There’ve been a few Meditation Games entries that have taken the outside/nature element to include in their games, sending a message that an epiphany of sorts is waiting for those that go out into the natural world and take in its wonder and beauty in order to gain that insight. But the 122nd entry in the series kind of turns this the opposite way, putting forth that sometimes it is something that is manmade that brings out that sense of insight and self-reflection about one’s nature.
This meditation games entry, to me, speaks for itself, and that’s probably not a surprising thing considering my close proximity to the games industry through all the work I’ve done it in for the past decade plus or so. While there’s a bit of comedic absurdity in presenting what at first seems to be a slapstick way of displaying a rough work environment and the literal consequence of working until your hands fall off, there’s also a bit of dark undercut as far as the mood and the presentation is concerned, and it surrounds two systemic issues in games that many studios struggle with today – that of a volatile, stressful work environment and the dangers of enforcing practices such as crunch in order to get games developed and out the window.
ometimes the value of creating something has much more benefit than on the surface. Making something is like being a god in a universe of your choosing. We have the ability to make something of nothing, put it where we want to, shape it how we want to have it shaped. We have complete and total autonomy over the thing that is formed and we bring it into being just as we have the ability to destroy it and start over.
A lot has been made of some of the previous entries in the Meditations Games series for putting things together, grabbing parts and combining them, trying to solve puzzles. This entry, however, puts things on its head by embracing the fact that while there are times for the puzzle to come together logically there are times when this is not the case, that we should embrace differences and the way that pieces don’t fit together, or even leave holes.
There was an interesting dual goal with this entry in the Meditation Games series, and it wasn’t as obvious from the launcher quote or the gameplay at first – but with good reason. The biggest of these reasons would be the fact that we’re conditioned to overcome obstacles in games or “win” the game at the end of the day. We see something we have to get past and we try to push through it. We see an objective (even an optional one) and we have to work our way through it. Even when we complete games, for some of us they aren’t really “complete” until we do every single thing there is to do in them, even if some of those things require a ton of extra effort and work.
There’s a reason that wind chimes are popular with people, whether when you’re an infant or young person or adult, or someone much older. There’s a sense of mellifluous charm about the sound and symphony of tubes bouncing off each other, creating seemingly random sounds and melodies, but yet never really sounding like a cacophony or disruption to one’s ears. The fact that to one’s own ear a set of chimes one minute can differ from another that comes out the next is just a part of that random, musical appeal.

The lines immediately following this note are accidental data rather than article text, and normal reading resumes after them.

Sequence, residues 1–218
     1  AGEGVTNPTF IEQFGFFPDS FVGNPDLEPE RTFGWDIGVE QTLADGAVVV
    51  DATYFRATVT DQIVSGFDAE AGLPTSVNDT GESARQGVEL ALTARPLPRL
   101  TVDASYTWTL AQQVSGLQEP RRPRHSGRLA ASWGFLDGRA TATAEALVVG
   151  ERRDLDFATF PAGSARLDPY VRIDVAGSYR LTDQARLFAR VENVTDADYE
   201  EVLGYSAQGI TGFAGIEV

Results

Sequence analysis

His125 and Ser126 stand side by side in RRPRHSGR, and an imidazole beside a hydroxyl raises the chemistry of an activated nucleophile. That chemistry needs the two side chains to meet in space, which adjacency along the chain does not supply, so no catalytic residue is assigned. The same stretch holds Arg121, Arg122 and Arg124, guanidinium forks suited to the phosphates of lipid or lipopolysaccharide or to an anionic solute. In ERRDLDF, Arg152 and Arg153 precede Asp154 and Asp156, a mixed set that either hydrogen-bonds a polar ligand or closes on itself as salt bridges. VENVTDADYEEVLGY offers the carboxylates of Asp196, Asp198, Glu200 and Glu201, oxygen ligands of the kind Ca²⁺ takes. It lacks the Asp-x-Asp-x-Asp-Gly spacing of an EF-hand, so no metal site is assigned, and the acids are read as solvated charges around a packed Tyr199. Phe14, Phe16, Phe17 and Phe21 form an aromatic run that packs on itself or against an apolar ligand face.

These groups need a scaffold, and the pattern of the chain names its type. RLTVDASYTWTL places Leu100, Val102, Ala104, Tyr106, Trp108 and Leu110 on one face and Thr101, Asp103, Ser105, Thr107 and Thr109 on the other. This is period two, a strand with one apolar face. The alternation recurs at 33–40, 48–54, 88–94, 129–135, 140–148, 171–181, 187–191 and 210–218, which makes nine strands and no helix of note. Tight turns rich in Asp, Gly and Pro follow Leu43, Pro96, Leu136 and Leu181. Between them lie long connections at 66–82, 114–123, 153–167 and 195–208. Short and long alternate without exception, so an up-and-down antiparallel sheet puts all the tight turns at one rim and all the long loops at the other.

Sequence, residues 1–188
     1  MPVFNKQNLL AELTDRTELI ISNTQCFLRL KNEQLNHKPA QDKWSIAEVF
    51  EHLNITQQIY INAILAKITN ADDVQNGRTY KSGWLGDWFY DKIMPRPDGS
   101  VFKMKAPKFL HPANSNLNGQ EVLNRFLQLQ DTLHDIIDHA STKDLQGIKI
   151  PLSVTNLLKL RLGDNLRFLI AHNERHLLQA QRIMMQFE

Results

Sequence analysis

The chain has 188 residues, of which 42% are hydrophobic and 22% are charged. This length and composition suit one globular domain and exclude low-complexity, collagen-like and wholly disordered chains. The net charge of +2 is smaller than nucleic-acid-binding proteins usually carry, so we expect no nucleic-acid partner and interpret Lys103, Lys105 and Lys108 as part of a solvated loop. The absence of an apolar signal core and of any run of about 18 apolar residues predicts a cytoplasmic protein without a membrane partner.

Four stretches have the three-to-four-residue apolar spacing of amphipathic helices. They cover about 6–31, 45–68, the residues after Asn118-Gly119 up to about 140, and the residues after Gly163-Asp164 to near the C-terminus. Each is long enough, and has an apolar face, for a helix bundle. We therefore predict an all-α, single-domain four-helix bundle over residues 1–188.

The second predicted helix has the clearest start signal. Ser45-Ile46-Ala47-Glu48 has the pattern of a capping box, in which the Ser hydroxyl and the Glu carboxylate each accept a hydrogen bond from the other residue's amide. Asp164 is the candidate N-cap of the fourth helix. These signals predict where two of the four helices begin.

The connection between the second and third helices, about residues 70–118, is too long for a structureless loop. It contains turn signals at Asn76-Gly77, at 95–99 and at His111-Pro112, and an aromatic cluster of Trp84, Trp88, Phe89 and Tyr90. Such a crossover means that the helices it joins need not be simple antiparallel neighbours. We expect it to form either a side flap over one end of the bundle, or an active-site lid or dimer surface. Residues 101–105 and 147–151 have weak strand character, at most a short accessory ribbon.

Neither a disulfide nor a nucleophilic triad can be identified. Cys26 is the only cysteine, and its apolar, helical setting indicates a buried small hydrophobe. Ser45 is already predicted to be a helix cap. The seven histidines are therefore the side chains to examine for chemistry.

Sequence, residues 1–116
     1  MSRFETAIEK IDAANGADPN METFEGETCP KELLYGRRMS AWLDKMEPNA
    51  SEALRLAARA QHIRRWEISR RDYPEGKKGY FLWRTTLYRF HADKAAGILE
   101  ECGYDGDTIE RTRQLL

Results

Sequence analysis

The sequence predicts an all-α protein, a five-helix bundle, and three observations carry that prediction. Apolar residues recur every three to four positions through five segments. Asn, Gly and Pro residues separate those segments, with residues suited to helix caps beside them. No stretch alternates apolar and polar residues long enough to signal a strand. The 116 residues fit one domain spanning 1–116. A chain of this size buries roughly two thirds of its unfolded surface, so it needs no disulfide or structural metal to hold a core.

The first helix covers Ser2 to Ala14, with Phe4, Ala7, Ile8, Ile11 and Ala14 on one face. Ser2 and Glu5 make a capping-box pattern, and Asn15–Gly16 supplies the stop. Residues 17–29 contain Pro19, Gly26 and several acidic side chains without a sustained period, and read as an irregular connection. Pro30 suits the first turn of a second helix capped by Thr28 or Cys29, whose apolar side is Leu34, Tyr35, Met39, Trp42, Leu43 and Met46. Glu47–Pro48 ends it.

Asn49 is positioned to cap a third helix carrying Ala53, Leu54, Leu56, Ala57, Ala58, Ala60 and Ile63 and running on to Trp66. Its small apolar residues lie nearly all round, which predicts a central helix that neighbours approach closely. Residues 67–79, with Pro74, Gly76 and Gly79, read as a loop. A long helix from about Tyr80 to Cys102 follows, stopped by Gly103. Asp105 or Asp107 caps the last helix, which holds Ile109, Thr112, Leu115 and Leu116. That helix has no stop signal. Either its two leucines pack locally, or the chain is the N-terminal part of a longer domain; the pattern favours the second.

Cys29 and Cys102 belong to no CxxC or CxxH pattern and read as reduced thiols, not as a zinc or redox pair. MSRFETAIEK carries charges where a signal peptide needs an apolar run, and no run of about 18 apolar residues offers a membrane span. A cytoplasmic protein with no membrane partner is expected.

After yesterday’s somewhat optimistic take on nature and life, today’s entry brings us to a sobering reality about some of the disaster that can befall that same life on a manmade scale, with a re-enactment of the Chernobyl disaster from the 1980’s. An equally bleak launcher quote accompanies this presentation, talking with stark realism about what happens when you are poisoned with radiation on a lethal scale, and minces no words in telling you what would happen.
Every so often we’re reminded of the fact that there are animals out there that do interesting things in nature that they see as perfectly normal but which we find fascinating in our study of them. For those that aren’t always in nature every day, and surrounded by more modernism and technology than we can shake a stick at, being shown or reminded of the fact that nature still has wonderful things to show us and to perhaps teach us is one of the best things that we can have put in the back of our minds.
I can see how the developer compares being on a bicycle to being on a chase, one that never quite ends but is part of the appeal of being on a bike in the first place. You’re exercising, but you’re also free, riding where you want to be and looking towards a distance that you can choose to have last as short or as long as you want it to be. Some people who enjoy biking tell me that it’s the combination of this travel and the act of pedaling your way that feels like you’re getting somewhere under your own power, whether that is literally or figuratively.
I enjoyed reading about the celebration and holiday mentioned in the launcher quote for today, which obviously made the game a lot more easier to enjoy and understand the message behind, but for this in particular, I had a particular appreciation because the celebration involves being joyful about prose, books, and knowledge. Knowledge, especially in these current times where things are vastly more turbulent and polarizing than before, is a valuable commodity, and there are few holidays or celebrations these days that have it as the central part of why we’re having the holiday or celebrating.